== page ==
Perhaps the most impressive quality of Kerala is its openness to external influences. Diversity is part of everyday life. Arab, Roman, Chinese, Islamist, Christian, Marxist and British have all left their mark on Kerala. Kerala was the first place on earth to democratically elect a communist government, vote the communists out and re-elect them back again. Kerala has the highest literacy rate in all of India and primary school is compulsory for all children.
We drove 65km south of Cochin to Alleppey, an area of many inland canals and waterways called the “Backwaters”, famous for its floating houseboats. We checked into the Punnamada Spa Resort and then boarded our luxury houseboat docked directly in front of our waterfront room. We traveled all day on a converted rice barge that was used in the early days for the transport of goods from the isolated interior villages to the towns. These large house boats, about 67 feet long and 13 feet wide, have fully furnished single and double bedrooms with on-suite washrooms, sundeck, private balcony with comfortable chairs and full kitchen.
A cruise on a houseboat is a fabulous way to explore the picturesque beauty of the backwaters and a wonderful way to witness the simple life of Keralites who live on the river and canals. Many tourists choose to sleep on the elegant houseboats and have all meals prepared from local fresh provisions that is plucked, caught or bought in the back water.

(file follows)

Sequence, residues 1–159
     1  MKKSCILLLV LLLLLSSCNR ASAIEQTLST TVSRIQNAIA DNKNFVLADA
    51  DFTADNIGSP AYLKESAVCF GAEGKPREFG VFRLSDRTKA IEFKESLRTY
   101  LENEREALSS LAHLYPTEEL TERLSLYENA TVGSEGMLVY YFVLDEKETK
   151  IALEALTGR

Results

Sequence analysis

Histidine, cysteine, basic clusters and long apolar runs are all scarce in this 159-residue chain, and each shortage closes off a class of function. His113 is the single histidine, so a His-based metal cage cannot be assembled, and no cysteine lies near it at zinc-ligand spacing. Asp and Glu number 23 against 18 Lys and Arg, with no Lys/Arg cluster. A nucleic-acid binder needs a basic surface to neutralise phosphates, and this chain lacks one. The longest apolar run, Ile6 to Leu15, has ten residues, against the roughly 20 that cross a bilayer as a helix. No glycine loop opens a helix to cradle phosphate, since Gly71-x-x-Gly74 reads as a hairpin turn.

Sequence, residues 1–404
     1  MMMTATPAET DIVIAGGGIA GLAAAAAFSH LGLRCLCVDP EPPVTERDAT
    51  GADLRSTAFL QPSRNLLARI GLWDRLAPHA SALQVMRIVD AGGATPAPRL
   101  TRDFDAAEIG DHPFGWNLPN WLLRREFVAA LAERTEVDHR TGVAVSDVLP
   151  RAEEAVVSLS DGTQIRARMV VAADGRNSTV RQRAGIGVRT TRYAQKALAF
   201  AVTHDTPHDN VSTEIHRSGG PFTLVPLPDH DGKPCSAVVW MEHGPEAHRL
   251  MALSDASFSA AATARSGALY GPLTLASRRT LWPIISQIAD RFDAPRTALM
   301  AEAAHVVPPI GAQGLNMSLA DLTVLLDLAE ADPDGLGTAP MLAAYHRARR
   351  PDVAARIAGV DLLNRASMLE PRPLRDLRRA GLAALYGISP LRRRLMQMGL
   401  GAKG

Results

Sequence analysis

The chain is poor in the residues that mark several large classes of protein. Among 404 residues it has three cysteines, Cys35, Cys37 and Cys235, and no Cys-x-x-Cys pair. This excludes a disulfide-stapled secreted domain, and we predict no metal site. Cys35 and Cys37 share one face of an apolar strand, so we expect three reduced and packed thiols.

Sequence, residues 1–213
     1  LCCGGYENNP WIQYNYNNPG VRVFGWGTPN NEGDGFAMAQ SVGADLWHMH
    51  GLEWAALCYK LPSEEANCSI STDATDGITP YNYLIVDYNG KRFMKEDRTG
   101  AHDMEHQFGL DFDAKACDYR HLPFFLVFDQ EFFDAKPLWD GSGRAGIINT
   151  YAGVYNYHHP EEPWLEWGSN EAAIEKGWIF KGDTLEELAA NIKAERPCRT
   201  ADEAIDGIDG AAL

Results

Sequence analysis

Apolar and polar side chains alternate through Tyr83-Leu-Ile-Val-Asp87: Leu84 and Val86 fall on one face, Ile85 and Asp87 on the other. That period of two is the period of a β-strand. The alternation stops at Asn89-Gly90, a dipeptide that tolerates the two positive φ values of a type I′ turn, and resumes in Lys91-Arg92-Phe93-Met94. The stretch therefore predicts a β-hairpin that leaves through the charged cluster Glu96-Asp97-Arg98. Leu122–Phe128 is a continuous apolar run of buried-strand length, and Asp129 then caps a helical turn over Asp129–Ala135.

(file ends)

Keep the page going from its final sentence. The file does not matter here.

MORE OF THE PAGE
We awoke to the tunes of lovely birds and watched an amazing sunrise through the coconut palms. Then we drove to the Abad Whispering Palms resort, located at Kumarakom, a tiny settlement on lovely Vembanad Lake, one of the largest lakes in India. We took another riverboat cruise through Mangrove forests, emerald green paddy fields and coconut groves interspersed with enchanting waterways and canals adorned with white lilies and a plethora of birds. The staff at the resort went out of their way to make us feel at home.
The most impressive thing about India, unlike Florida, is the unexpected. While driving south to beaches of Kovalam our driver had to stop because of religious Hindu procession. We jumped out to see many slender young men in trance with ten foot long steel rods piercing through their cheeks walking towards the temple. Teenage boys also in trance were dancing, eyes closed, to the rhythm of temple drums. Men with huge colourful four feet tall headdresses precariously balanced on their heads were followed by a procession of flutes. You’d never see that in Miami.
The 1.2 billion inhabitants of India face so many challenges. The greatness of a people is measured by how they cope with adversity. Although there is a wealthy minority and a growing middle class the great majority of Indians live without sanitation in very poor living conditions. We were inspired by the tenacity, good will and generousity of the Indian people in general. Perhaps the most profound reason to visit India is to remind us just how fortunate we are living in North America with our health and sanitation systems in place. India is all about acceptance and surrender. Once again we were reminded that joy and inner peace is not just about wealth and possessions.
Airline-Etihad Airlines offer flights from Toronto to Delhi
25 York Street, 6th floor
Toronto, Ontario. Tel: 416 221 4744
Punnamada Serena Spa Resort
Abad Whispering Palms
New Nazareth Road Kumarakom
Malabar House Restaurant
1/268 Parade Rd Fort Cochin
Mel Borins is a travel writer. He is author of the books “Go Away- Just for the Health of It”, "An Apple a Day - a Holistic Health Primer" and the newly released “Possibilities-The Pronoic Photosongbook.”